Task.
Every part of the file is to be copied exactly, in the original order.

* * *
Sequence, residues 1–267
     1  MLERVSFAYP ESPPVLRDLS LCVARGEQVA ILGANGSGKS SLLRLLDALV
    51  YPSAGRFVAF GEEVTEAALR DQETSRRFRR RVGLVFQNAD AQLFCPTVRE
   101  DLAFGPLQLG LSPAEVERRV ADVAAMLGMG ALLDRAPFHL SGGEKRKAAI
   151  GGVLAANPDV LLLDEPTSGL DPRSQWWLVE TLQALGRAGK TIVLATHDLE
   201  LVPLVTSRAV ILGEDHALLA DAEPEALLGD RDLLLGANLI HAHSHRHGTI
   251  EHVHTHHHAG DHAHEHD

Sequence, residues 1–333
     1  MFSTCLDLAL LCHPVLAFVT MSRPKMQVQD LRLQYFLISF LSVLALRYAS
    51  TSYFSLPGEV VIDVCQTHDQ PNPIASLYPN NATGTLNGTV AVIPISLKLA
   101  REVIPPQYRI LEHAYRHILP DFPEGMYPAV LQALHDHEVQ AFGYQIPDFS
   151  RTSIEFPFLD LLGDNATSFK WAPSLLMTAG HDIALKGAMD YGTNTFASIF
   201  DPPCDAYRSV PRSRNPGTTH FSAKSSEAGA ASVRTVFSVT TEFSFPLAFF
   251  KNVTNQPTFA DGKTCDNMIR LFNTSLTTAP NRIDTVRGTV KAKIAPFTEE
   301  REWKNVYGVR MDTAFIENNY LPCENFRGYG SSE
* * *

Sequence, residues 1–267
     1  MLERVSFAYP ESPPVLRDLS LCVARGEQVA ILGANGSGKS SLLRLLDALV
    51  YPSAGRFVAF GEEVTEAALR DQETSRRFRR RVGLVFQNAD AQLFCPTVRE
   101  DLAFGPLQLG LSPAEVERRV ADVAAMLGMG ALLDRAPFHL SGGEKRKAAI
   151  GGVLAANPDV LLLDEPTSGL DPRSQWWLVE TLQALGRAGK TIVLATHDLE
   201  LVPLVTSRAV ILGEDHALLA DAEPEALLGD RDLLLGANLI HAHSHRHGTI
   251  EHVHTHHHAG DHAHEHD

Sequence, residues 1–333
     1  MFSTCLDLAL LCHPVLAFVT MSRPKMQVQD LRLQYFLISF LSVLALRYAS
    51  TSYFSLPGEV VIDVCQTHDQ PNPIASLYPN NATGTLNGTV AVIPISLKLA
   101  REVIPPQYRI LEHAYRHILP DFPEGMYPAV LQALHDHEVQ AFGYQIPDFS
   151  RTSIEFPFLD LLGDNATSFK WAPSLLMTAG HDIALKGAMD YGTNTFASIF
   201  DPPCDAYRSV PRSRNPGTTH FSAKSSEAGA ASVRTVFSVT TEFSFPLAFF
   251  KNVTNQPTFA DGKTCDNMIR LFNTSLTTAP NRIDTVRGTV KAKIAPFTEE
   301  REWKNVYGVR MDTAFIENNY LPCENFRGYG SSE